Last week, Boston-based Fidelity facilitated investor access to the asset, and on Thursday, UK-based Hargreaves Lansdown followed suit.

Hargreaves Lansdown now gives clients the option to invest in an exchange traded note (ETN) that tracks the price of bitcoin. An ETN is an investment instrument typically listed on a major stock exchange that can be bought and sold similarly to a stock. As more well-known wealth firms give their clients access to bitcoin investment, interest in the asset by mainstream investors will undoubtedly rise. However, these firms also risk exposing consumers to the dangers associated with unresolved regulatory issues around bitcoin.

Many places give minorities a leg up in marijuana industry

Andre Shavers was sentenced to five years on felony probation after authorities burst into the house where he was living in one of Oakland’s most heavily policed neighborhoods and found a quarter ounce of marijuana.

After the 2007 raid, Shavers couldn’t leave the state without permission. He was subject to police searches at any time. He walked to the corner store one night for maple syrup and came back in a police car. Officers wanted to search his home again.

All the while, cannabis storefronts flourished elsewhere in a state where medical marijuana was authorized in 1996.

Now Oakland and other cities and states with legal pot are trying to make up for the toll marijuana enforcement took on minorities by giving them a better shot at joining the growing marijuana industry. African-Americans made up 83 percent of cannabis arrests in Oakland in the year Shavers was arrested.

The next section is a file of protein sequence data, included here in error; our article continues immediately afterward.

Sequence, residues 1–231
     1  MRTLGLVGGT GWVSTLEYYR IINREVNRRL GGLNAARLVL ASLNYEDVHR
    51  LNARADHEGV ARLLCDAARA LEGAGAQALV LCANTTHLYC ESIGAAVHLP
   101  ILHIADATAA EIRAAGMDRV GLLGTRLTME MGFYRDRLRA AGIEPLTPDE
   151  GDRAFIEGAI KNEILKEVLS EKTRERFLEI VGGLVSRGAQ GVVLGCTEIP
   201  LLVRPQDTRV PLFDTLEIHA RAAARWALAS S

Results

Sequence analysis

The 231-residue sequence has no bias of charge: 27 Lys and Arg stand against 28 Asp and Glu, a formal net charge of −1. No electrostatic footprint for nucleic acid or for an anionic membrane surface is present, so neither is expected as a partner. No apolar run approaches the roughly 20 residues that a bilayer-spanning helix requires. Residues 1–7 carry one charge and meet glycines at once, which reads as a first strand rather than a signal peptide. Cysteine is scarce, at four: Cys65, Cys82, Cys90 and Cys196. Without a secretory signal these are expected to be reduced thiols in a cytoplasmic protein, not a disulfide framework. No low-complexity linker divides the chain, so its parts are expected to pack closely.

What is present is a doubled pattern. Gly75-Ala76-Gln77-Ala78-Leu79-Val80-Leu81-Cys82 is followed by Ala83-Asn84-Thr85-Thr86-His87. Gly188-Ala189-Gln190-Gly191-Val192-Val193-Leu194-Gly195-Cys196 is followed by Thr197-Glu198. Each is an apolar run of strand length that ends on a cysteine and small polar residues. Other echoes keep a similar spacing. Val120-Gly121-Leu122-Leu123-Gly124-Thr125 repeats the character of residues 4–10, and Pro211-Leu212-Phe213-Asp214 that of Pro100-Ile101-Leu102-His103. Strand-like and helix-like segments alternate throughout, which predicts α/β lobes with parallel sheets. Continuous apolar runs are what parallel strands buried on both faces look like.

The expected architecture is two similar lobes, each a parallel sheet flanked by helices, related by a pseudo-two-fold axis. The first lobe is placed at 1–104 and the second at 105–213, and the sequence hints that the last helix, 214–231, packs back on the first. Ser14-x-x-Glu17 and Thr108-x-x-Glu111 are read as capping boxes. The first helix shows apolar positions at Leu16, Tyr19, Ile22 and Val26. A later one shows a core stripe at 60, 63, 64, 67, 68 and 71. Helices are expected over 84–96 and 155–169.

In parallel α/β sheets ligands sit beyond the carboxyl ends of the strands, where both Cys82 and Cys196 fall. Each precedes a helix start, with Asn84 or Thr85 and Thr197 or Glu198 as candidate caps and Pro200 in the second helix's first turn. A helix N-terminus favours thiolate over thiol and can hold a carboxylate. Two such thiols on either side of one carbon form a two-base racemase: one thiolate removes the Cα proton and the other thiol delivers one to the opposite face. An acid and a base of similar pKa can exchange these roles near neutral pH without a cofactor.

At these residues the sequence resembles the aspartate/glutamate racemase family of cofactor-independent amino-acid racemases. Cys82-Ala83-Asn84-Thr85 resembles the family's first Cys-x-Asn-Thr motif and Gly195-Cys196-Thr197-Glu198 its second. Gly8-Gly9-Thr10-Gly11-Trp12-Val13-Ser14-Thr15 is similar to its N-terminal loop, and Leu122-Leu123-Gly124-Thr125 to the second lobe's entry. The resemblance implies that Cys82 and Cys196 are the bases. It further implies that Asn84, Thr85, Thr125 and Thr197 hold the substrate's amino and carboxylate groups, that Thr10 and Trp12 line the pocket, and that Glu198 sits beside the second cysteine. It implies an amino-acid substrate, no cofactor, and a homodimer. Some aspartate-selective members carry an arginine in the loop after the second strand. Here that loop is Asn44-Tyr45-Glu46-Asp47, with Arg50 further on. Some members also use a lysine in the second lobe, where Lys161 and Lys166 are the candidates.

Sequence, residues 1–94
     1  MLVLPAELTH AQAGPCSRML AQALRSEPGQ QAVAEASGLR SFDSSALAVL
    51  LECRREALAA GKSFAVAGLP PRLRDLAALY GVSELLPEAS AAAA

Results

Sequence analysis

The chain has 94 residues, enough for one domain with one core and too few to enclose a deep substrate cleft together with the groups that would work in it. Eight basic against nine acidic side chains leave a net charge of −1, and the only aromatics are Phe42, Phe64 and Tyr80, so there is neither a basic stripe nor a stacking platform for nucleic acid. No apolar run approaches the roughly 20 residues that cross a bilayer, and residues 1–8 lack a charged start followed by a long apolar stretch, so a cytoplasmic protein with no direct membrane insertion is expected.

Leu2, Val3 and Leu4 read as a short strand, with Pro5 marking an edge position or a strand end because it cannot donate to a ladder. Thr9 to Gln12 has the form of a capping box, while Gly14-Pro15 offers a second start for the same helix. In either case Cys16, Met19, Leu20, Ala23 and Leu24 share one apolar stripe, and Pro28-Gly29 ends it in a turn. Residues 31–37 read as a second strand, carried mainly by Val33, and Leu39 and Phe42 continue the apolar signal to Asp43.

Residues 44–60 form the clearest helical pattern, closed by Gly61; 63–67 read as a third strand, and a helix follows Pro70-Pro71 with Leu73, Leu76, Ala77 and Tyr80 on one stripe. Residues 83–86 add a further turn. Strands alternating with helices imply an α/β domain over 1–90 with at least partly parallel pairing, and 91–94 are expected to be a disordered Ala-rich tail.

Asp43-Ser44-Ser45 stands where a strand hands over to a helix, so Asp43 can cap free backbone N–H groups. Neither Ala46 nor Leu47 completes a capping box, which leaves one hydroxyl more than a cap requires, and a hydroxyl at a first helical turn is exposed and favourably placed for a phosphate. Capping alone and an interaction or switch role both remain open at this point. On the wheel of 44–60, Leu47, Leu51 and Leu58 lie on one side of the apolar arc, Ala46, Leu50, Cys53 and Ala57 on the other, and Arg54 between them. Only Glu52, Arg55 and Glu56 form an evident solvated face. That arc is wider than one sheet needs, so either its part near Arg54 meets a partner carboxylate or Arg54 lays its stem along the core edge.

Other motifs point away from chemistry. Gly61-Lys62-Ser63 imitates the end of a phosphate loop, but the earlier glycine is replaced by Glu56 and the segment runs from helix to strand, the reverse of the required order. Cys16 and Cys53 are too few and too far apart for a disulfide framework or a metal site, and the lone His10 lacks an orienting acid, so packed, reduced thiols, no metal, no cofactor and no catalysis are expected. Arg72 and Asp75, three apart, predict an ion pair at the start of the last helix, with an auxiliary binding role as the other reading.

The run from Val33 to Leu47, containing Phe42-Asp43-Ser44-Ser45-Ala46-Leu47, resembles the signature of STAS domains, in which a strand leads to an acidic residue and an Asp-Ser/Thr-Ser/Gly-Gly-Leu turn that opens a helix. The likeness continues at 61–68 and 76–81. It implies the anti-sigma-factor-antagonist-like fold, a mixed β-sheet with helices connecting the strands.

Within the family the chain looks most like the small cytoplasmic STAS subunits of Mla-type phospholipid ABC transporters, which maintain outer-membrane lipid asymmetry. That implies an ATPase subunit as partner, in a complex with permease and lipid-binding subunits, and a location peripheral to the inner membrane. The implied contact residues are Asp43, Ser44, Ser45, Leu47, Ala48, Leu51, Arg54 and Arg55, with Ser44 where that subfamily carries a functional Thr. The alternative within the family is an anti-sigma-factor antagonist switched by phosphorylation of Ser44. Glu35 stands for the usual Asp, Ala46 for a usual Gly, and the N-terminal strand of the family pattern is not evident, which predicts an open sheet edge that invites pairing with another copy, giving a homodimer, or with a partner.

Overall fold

How Cannabis Is Fueling a New Fitness Movement

Recreational marijuana use has now been legal in California for six months and counting. On the surface, you’d never know that anything has changed. Since the passing of Prop. 64 in November, there have not been red-eyed, burnout bohemians strewn across the lawns of Griffith Park, nor masses of wasted youth in irreversible states of hysteria. Instead, on a hot Saturday afternoon in May, a group of lithe twenty-somethings clad in the kind of spandex that doesn’t leave much room for snacking gathered on a rooftop in the shadow of the Hollywood hills to practice yoga, and get high.

“Let’s all take a puff,” said Equinox yoga instructor Derek Beres to the students at the beginning of class. In unison, they inhaled from vape pens by Bloom Farms, a San Francisco–based medical marijuana company that also sells pre-rolled joints, and settled into mountain pose.

Older women and medical marijuana: a new growth industry

Jeanine Moss never expected to get into the cannabis industry. But that was before her hip-replacement surgery.

Moss, 62, of Marina Del Ray, California, had quit her job as a marketing consultant before she had her hip done in 2014. As she left the hospital, her doctors handed her a “shopping bag filled with opiates,” she said. The drugs made her disoriented and woozy.